British Columbians who live in communities along the province’s coast will soon have access to more sailings, according to an announcement made by the Ministry of Transportation and Infrastructure today.
In total, 2,700 round trip sailings will be added to 10 ferry routes, returning services to communities that saw sailings cut back in 2014.
“For years people living in coastal communities saw ferry fares increase and services cut,” said Claire Trevena, Minister of Transportation and Infrastructure.
“Quality, affordable ferry services are a necessity not a luxury for people in coastal communities. That’s why we’ve turned the ship around – first by rolling back ferry fares on small coastal routes and now by reversing cuts to services that were making it difficult for people to get around.”
Returning sailings to coastal communities was part of the government’s response to the Redlin report, a special operating review of ferry services that recommended long-term improvements to these routes.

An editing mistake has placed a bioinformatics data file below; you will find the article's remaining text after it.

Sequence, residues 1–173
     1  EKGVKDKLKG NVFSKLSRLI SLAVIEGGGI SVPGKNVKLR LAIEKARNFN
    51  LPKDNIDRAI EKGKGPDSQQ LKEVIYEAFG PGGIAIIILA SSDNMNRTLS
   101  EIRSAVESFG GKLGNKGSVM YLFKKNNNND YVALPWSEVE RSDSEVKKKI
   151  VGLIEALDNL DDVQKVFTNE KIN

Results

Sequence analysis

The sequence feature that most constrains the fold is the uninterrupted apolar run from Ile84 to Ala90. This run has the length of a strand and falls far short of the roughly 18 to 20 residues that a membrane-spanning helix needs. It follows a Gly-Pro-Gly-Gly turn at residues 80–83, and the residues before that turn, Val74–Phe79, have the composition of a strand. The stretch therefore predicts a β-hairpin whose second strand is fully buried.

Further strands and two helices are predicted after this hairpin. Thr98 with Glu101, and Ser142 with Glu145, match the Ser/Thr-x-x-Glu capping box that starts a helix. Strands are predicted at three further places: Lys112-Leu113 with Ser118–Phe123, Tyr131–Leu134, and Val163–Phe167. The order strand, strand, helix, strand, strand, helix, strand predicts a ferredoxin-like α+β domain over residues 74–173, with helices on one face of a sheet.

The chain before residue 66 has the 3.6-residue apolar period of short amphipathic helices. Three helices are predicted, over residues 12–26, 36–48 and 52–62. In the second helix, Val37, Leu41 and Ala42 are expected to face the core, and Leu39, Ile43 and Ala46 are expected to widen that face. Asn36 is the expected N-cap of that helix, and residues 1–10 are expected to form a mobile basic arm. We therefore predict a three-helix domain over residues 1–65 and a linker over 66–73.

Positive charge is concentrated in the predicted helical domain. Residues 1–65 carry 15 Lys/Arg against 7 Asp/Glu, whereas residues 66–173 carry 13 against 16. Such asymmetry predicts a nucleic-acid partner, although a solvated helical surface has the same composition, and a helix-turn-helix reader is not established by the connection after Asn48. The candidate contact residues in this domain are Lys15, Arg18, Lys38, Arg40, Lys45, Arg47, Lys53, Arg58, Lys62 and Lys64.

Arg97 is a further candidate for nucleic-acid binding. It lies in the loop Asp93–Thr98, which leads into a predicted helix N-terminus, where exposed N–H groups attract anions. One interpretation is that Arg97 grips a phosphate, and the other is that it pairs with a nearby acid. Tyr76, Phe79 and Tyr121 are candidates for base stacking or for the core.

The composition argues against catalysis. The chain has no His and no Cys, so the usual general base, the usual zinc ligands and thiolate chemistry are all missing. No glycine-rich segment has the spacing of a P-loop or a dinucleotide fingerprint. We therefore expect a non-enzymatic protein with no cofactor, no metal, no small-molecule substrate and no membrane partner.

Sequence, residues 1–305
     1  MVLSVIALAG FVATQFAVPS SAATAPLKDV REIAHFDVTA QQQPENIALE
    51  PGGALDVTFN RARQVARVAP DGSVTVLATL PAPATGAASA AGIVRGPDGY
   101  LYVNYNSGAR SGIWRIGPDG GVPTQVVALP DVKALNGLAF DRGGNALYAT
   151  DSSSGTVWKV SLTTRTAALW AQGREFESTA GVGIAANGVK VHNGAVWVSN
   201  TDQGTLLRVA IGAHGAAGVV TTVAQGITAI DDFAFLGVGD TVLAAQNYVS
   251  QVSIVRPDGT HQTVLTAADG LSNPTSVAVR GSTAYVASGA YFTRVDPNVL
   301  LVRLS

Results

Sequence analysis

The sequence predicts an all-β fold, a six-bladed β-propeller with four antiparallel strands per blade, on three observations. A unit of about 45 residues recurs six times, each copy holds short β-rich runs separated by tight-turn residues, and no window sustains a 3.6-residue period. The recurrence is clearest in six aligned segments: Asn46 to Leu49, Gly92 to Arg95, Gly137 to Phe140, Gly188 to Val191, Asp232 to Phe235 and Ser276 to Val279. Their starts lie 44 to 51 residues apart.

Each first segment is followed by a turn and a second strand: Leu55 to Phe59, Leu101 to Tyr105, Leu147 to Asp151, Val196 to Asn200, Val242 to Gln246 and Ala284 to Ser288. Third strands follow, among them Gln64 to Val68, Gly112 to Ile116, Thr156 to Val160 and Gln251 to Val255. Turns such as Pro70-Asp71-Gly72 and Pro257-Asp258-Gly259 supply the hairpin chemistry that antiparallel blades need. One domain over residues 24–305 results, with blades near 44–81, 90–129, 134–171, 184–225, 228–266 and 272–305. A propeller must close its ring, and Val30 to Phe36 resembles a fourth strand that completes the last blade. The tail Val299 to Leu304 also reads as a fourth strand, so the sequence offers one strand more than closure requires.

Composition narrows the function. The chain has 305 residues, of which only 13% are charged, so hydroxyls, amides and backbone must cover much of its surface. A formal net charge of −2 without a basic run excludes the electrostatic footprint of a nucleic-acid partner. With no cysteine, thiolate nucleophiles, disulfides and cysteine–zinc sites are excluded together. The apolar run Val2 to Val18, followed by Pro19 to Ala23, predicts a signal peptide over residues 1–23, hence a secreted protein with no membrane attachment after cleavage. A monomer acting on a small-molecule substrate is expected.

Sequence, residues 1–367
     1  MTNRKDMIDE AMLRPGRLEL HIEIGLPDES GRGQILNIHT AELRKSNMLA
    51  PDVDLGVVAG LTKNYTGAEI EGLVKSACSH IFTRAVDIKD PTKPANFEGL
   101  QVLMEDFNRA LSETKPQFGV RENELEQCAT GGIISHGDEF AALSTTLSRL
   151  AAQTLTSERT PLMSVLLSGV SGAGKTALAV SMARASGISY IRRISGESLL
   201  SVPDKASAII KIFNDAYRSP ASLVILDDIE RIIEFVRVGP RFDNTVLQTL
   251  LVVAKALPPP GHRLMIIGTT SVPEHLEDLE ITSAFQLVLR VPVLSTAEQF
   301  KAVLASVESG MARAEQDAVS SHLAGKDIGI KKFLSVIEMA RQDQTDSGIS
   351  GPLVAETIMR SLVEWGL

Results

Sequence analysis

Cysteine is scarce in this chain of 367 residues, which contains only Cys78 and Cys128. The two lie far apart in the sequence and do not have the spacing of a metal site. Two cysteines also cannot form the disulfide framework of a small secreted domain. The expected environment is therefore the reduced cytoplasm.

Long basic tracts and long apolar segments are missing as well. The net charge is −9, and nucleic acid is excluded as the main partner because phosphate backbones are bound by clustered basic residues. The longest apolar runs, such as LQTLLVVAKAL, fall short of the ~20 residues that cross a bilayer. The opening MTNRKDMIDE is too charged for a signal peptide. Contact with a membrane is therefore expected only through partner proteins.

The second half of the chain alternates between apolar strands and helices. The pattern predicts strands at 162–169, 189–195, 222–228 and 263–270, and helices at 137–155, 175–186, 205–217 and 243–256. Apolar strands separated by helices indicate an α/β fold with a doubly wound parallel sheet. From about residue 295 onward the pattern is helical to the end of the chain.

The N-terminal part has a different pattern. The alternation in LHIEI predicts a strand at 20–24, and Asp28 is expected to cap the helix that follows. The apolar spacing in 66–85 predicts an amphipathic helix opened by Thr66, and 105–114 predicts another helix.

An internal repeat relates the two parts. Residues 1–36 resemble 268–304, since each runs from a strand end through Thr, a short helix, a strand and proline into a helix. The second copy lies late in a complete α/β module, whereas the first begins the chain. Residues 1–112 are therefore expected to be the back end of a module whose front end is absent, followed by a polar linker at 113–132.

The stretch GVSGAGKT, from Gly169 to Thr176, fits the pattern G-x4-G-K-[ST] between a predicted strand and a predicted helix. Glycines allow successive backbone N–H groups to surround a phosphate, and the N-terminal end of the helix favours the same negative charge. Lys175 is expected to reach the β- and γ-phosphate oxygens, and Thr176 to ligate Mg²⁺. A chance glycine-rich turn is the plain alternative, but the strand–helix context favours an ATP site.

The increased sailings will be implemented by 2020, with some starting as early as this spring.
For a full look at the Redlin report and its 59 other recommendations, find it online here.
The 10 ferry routes that will see increased sailings are:
- Route 6, Crofton – Vesuvius
- Route 7, Earls Cove – Saltery Bay
- Route 8, Horseshoe Bay – Bowen Island
- Route 10, Port Hardy – Mid Coast – Prince Rupert
- Route 11, Haida Gwaii – Prince Rupert
- Route 18, Powell River – Texada Island
- Route 19, Nanaimo Harbour – Gabriola Island
- Route 23, Campbell River – Quadra Island
- Route 24, Quadra Island – Cortes Island
- Route 26, Skidegate – Alliford Bay